How Will Office Space Values Fare in 2030?

A new McKinsey report details the prospects for nine “superstar cities.”

Houston skyline

Houston skyline. Image by Larry Gibson/

How’s this for short and to the point: “There will be less demand for office space,” with just a “moderate scenario” predicting a median 13 percent decline in major cities globally by 2030, in parallel with an excess supply of office space (beyond average historical vacancy) of 7 to 21 percent.

Across nine global “superstar cities,” the value of office space is expected to decline by 26 percent under that moderate scenario—and by 42 percent under a severe one. At stake is $800 billion in the value of office space in just nine cities by 2030.

All this and more is from a new report, Empty spaces and hybrid places, by McKinsey & Co.’s real estate practice and the McKinsey Global Institute.

Although the message isn’t necessarily surprising to anyone who’s in commercial real estate, the extent of those demand and value drops is sobering.

The report states that the decline in value is already occurring, as capitalization rates for office space in the U.S. have risen from 5.8 percent to 8.0 percent over the past three years, implying value erosion of more than 35 percent before accounting for net operating income decline.

READ ALSO: Remote Work Shapes Office Sector

In the worst cases, the report continues, the owners of buildings whose values have fallen will hold less equity in relation to debt, making it harder for such owners to get financing. As a result of a “doom loop” like that, “aging and low-quality properties may remain unrenovated or not repurposed, further reducing property values.”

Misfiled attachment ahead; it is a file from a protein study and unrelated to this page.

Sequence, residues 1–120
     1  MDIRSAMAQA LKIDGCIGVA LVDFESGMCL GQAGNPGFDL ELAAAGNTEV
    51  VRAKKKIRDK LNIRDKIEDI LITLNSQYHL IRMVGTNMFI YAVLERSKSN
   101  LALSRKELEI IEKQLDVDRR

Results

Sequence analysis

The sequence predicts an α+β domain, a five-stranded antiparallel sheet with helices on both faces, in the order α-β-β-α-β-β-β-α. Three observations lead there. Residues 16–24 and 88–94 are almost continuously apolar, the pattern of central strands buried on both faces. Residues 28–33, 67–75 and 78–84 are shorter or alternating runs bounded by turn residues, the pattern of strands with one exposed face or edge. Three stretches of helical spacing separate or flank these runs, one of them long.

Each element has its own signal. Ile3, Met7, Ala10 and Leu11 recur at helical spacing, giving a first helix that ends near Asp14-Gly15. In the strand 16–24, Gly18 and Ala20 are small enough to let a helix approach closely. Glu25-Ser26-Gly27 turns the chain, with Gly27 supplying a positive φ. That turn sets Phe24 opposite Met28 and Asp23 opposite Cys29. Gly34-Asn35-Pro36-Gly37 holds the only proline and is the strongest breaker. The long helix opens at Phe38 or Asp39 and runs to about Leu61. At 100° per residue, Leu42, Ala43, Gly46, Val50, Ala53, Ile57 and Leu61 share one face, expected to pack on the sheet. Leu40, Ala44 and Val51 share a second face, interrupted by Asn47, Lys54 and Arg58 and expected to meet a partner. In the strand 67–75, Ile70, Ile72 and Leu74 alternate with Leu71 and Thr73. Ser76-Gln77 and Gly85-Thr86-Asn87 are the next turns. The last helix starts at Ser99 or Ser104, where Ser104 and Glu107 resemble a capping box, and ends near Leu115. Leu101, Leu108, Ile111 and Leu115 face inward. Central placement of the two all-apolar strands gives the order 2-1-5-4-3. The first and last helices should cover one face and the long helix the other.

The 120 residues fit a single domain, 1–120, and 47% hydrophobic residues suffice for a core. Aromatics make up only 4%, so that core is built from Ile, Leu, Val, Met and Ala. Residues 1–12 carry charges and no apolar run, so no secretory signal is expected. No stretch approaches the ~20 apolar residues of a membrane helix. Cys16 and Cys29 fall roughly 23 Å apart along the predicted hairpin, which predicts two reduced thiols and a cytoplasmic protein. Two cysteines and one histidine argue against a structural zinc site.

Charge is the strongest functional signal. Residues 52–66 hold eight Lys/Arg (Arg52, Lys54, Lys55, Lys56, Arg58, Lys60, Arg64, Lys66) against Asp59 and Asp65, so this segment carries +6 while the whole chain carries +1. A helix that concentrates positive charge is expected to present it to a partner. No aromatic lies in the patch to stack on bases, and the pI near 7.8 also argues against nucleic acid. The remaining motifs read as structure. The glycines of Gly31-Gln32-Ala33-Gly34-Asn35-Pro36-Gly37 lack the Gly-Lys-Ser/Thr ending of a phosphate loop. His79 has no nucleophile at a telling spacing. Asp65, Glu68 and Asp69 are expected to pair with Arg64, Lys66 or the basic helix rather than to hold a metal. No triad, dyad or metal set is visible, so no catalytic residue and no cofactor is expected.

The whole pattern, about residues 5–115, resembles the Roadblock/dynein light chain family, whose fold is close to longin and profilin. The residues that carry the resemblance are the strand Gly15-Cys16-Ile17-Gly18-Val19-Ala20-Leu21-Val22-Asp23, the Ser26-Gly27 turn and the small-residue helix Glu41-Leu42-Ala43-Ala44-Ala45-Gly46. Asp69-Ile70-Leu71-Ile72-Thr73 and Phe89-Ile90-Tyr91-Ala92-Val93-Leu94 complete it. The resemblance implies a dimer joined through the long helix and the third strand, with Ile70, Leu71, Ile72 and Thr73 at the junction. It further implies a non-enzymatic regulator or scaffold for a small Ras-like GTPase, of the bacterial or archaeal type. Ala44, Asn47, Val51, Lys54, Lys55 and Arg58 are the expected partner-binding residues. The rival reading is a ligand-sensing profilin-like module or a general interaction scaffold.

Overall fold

This in turn could be aggravated by the ongoing “flight to quality,” as office tenants act on their desire for better and better-amenitized spaces.

What’s driving all this are three trends, McKinsey says:

  • the pandemic-led surge in working from home (office attendance has stabilized around 30 percent lower than before the pandemic)
  • a resulting population shift from urban cores to the suburbs
  • the growth of online shopping, along with an enduring loss of about 10 to 20 percent in foot traffic near stores in metro areas.

Major steps backward

It’s noteworthy that average office attendance varies widely (by nearly a full work day per week in the office) by industry. Professional services is at the low end, at almost exactly three days a week in the office, while fields like education, manufacturing, real estate(!) and government average 3.5 days or more.

Still, under McKinsey’s scenarios, “demand for office and retail space is generally lower in 2030 than it was in 2019, but the reductions are smaller than those projected by many other researchers.”

Some cities, no surprise, are expected to fare better than others. The report highlights Houston as a city where office demand might remain strong, if only because of the metro’s steady population and employment growth.

There are solutions, McKinsey says. “Cities and buildings can adapt and thrive by taking hybrid approaches themselves. Priorities might include developing mixed-use neighborhoods, constructing more adaptable buildings, and designing multiuse office and retail space.”

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